A timely message from the National Gorilla Association
Look, people, the answers are clear. When a bunch of gorillas get loose from the zoo and go around indiscriminately killing people, the obvious solution is more gorillas to fight the other gorillas. That's the only way to stop gorilla violence, for those first gorillas to think twice about going on a rampage because they're afraid of all the other gorillas. We don't need less gorillas and more laws. We need more gorillas. This message brought to you by the National Gorilla Association.
Of course you might have heard the knee-jerk, reactionary concerns of some of those who would see our freedoms limited. "There have been over seventy mass-casualty gorilla attacks in the past two months alone," they'll wail. "So many that they're all not even making national news anymore."
While I cannot express enough sympathy for the hundreds of people who've been injured or killed in a certain kind of violence, the simple-minded solution of changing the very fabric of our American way of life is a threat to our liberty and freedom. It is the American right to freedom that makes our country number one in these United States, and freedom should be complete and unfettered because no one is the boss of us. Any of us. It is a mistake to limit our access to gorillas, because gorillas are cool and I like them.
Gorillas are part of what made our country great; without them we would never have successfully tamed this land or built so many successful zoos. The second amendment quite clearly states, without equivocation, that we have the right to bear arms, and gorilla arms. Those who would limit access to gorillas don't take into account the gorilla black market. All criminals are well connected to these easily accessible hubs of international smuggling wherein they've access to all manner of forbidden goods and technology. That's why so many 7-11s are robbed with hand grenades and land mines. If you take away our right to own gorillas, only criminals will own gorillas.
As another point of fact, the definition of a "mass" gorilla attack might need to be revisited. Ever since the FBI defined "mass-murder" as any event in which four or more people were killed, the word "mass" has been thrown around willy-nilly. The NGA proposes the word "mass" not be applied to any casualty incident with fewer than six victims. That simple change brings our number down to a much more manageable 10-15 mass gorilla attacks in the past 60 days, and I think we can all agree that this is a better number. (source: gorillaviolencearchive.org)
This doesn't even begin to address the issue of safety. Without a gorilla in the household, many people simply wouldn't feel safe. Should your home be invaded by gorillas, you want to know that your family is safe and protected. I mean, safe from the other gorillas. Statistics do show that homes with gorillas are 80% more likely to kill a member of the household than an intruder, but until that happens you sure do feel safe. A responsible gorilla owner knows how to keep, store, and lock away his gorilla anyway. Of course, if the gorilla is properly locked away, any usefulness in an emergency gorilla attack situation is certainly limited or altogether nullified, but it's the feeling of security that is important.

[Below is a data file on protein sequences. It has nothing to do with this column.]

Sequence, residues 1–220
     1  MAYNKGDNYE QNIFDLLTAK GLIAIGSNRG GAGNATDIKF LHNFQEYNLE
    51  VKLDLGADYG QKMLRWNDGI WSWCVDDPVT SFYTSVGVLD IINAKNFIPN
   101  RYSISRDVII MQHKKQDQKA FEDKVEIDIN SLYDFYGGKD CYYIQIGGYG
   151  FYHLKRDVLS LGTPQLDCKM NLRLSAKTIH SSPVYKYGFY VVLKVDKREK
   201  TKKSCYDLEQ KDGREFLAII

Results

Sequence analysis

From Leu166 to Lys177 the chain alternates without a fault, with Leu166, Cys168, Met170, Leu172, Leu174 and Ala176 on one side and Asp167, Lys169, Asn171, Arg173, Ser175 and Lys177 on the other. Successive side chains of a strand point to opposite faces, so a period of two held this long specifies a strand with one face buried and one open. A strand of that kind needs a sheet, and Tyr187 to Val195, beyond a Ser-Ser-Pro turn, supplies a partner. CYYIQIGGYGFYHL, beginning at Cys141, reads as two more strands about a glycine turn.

It is also vital to note that a gorillaed society is a polite society. Thanks to Kansas' open carry laws, nearly any asshole is welcome to carry (or be carried by, should their fragile masculinity allow it) their gorilla with them everywhere they go. If some young ruffians are making a fuss, they're much more likely to show some respect for their betters when they see you're carrying a 400lb silverback gorilla into the horrible, family-style chain restaurant you probably frequent. The liberal concealed carry laws even allow any jackass to conceal a small gorilla on their person, so in truth one should always assume everyone has a gorilla and, for that reason, be polite. Or someone may kill you. With a concealed gorilla. The threat of disproportionate violence should always be in your mind, stopping you from doing things.
Some point to the fact that no other developed nation has the problem of daily mass gorilla attacks. Common-sense gorilla restrictions in Australia did not completely remove private gorilla ownership, but put sensible restrictions in place to limit access to wild, territorial animals with powerful teeth and the strength of several humans. Since when has America needed to listen to anyone else? If we took the "liberal" approach and took our cues toward "progress" from other nations, we'd be offering our lazy citizens higher education and even health care despite the fact that they might not be good enough to deserve it. God put the oceans there for a reason, so that we could ignore everything that happens in the rest of the world because none of their ideas could ever possibly work here; at the very least they'd be unprofitable.
The truth is, more good gorillas will counteract the bad gorillas. While to date exactly zero mass gorilla attacks have ever been stopped by a civilian gorillas, eventually one might and boy oh boy will we promote the hell out of that when it does. A man with a gorilla is a citizen, a man without a gorilla is a subject. If it were up to me, every citizen would have a gorilla, because if it were up to me every citizen would be just like me in every way so that no one would be different and nothing bad would ever happen and I wouldn't be so afraid all the time. Now if you'll excuse me, I'm going to go lock up my gorilla properly and effectively before going to bed. Responsible gorilla ownership: the right of every American.